Scott, Leger Fernández, Baldwin, Dean Introduce Legislation to Lower Cost of Community College

WASHINGTON – House Education and the Workforce Committee Ranking Member Robert C. “Bobby” Scott (D-VA-03), Representative Teresa Leger Fernández (D-NM-03), Senator Tammy Baldwin (D-WI), and Representative Madeleine Dean (D-PA-04) introduced legislation in both the House and Senate chambers to make community college and two-year Tribal Colleges and Universities more accessible by waiving tuition fees for eligible students. 

“Community colleges play a unique and vital role in providing students access a quality postsecondary degree. Regrettably, the chronic underfunding of community colleges is jeopardizing their ability to support their students and communities. The America’s College Promise Act is a major investment in expanding opportunities for students and building back a better economy. This bill is one critical piece of our comprehensive plan to make quality higher education more affordable for students and families and developing a competitive 21st century workforce,” said Ranking Member Scott (D-VA-03).

“New Mexico knows how free community college unlocks opportunities for students - from the recent high school graduate to the experienced worker who wants to go back to school.  Students are going to school at higher rates in New Mexico than most states,” said Representative Leger Fernández (D-NM-03)“The America’s College Promise Act builds on New Mexico’s example to make sure that students across the country can attend community college without the burden of tuition and fees. This bill will provide funds for services to help students successfully complete their degrees. To unlock the door for a brighter future, it also reduces the financial burden for low-income students to attend TCUs, HBCUs, and MSIs.”

“America’s technical and community colleges give students the education and skills they need to land good-paying jobs in high-demand industries and grow our economy. But for too many students, the cost of a two-year degree is holding them back, hamstringing businesses who need skilled workers and preventing them from providing for their families,” said Senator Baldwin (D-WI)“America’s College Promise will break down those barriers for students who want to pursue a technical education, training tomorrow’s workforce without saddling young people with debt that prevents them from buying a house, starting a family, and contributing to our economy.”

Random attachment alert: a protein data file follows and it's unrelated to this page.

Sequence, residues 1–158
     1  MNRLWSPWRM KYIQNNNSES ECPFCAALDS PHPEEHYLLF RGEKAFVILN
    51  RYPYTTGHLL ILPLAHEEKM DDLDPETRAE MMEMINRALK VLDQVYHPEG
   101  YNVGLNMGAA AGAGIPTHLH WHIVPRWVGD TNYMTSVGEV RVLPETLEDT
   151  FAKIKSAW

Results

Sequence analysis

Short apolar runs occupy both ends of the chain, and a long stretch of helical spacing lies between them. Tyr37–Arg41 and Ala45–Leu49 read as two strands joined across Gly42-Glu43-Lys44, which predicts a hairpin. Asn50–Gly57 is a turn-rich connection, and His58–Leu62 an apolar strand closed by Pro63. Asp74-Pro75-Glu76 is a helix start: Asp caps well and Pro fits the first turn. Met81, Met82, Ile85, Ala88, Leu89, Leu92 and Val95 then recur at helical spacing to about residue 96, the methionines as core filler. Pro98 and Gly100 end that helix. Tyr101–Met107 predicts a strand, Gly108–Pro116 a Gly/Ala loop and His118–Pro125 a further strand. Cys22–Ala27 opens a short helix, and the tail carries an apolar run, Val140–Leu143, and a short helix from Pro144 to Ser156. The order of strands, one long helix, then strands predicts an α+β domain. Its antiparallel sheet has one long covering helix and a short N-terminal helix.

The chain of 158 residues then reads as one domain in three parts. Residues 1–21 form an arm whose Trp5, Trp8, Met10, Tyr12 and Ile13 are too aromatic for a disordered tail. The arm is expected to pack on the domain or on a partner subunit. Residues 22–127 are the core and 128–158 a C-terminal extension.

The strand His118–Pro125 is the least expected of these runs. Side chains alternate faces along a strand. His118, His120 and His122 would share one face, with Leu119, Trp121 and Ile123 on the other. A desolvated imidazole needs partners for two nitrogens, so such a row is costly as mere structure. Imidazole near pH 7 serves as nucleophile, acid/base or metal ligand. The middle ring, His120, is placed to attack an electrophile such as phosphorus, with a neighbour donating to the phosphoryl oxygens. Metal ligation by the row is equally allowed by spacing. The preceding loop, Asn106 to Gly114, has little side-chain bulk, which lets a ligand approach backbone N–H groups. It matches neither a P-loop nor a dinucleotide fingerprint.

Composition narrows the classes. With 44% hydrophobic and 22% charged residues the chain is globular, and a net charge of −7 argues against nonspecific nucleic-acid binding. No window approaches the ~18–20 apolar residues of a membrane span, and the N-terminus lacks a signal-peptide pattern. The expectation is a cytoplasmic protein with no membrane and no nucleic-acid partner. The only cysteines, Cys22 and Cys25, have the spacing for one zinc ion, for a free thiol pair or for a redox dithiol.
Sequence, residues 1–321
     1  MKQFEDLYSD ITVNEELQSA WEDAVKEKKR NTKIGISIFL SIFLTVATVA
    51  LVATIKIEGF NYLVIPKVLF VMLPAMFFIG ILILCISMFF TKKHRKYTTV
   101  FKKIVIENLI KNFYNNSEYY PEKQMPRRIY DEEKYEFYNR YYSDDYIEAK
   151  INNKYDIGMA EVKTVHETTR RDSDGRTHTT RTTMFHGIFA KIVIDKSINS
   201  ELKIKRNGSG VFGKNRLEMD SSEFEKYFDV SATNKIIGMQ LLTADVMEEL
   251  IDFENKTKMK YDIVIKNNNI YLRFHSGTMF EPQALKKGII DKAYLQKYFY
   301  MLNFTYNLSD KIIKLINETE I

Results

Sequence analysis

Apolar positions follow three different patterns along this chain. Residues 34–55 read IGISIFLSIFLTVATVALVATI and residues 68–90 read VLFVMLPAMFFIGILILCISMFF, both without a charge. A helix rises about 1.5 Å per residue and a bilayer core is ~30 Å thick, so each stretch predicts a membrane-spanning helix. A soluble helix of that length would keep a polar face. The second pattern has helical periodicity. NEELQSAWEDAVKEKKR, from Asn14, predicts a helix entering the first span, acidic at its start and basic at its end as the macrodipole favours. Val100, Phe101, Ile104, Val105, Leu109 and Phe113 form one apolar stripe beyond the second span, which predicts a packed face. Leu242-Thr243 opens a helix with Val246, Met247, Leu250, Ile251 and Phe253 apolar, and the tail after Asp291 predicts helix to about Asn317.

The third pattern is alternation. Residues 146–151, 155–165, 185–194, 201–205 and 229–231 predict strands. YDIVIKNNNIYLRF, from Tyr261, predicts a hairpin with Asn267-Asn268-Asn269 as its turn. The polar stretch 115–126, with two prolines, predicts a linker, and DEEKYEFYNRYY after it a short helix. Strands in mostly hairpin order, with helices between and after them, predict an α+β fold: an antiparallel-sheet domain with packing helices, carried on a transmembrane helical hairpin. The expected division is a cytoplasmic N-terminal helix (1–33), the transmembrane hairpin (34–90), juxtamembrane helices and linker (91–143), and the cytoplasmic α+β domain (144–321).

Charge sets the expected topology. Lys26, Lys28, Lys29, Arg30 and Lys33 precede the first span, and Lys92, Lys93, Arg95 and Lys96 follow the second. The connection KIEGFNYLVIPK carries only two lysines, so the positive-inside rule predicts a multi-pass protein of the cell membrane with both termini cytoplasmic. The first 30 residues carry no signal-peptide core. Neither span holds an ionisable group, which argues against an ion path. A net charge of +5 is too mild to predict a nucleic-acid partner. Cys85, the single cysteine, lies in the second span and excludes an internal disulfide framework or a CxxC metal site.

“Higher education should promise a bright future, yet the cost of college inhibits that opportunity for many and burdens many more with immense debt — we must change this for future generations,” said Representative Dean (D-PA-04)“As a professor, it was a profound joy to witness students claim their education and carve out their own future — and I want to ensure that for more young adults and those looking to make a career change. The America’s College Promise Act will help make that a reality, from providing tuition-free community college courses to expanding funding for HBCUs and trade schools. I look forward to this important legislation being brought to the House floor.”

The America’s College Promise Act of 2023 will make the skills and credentials necessary to succeed in our economy more accessible to all students by creating a new federal-state partnership to provide two years of tuition-free community college. Specifically, the America’s College Promise Act of 2023:

  • Creates a partnership between the federal government and states to waive tuition and fees for two years of community and technical college programs for eligible students, while promoting key reforms to accelerate student success;
  • Creates a sliding scale for federal cost share beginning at 100% for the first year and ending at 80% for the fifth and subsequent years;
  • Makes sure that programs offer academic credits that are transferable to four-year institutions in their state, or occupational training that leads to recognized credentials;
  • Maintains and encourages state funding for higher education; 
  • Establishes a student success fund to improve enrollment, retention, transfer, or completion rates and labor market outcomes for underserved student populations, including students of color and low-income and first-generation college students, who attend community and technical colleges at disproportionate rates;
  • Waives two years of tuition and fees for eligible students at tribal colleges and universities; and
  • Establishes a new grant program to provide pathways to success at historically black colleges and universities and minority-serving institutions, including Hispanic-serving Institutions, by covering a significant portion of tuition and fees for the first two years of attendance for low-income students.

The legislation is supported by the American Federation of Teachers, AFL-CIO, Association of Community College Trustees, The Education Trust, The Hope Center at Temple University, The National Education Association, The Century Foundation Higher Education Team, Higher Learning Advocates, the Center for Law and Social Policy (CLASP), Asian Pacific Islander American Scholars, American Association of Community Colleges, Young Invincibles, and Jobs for the Future.

Full text of this legislation is available here.


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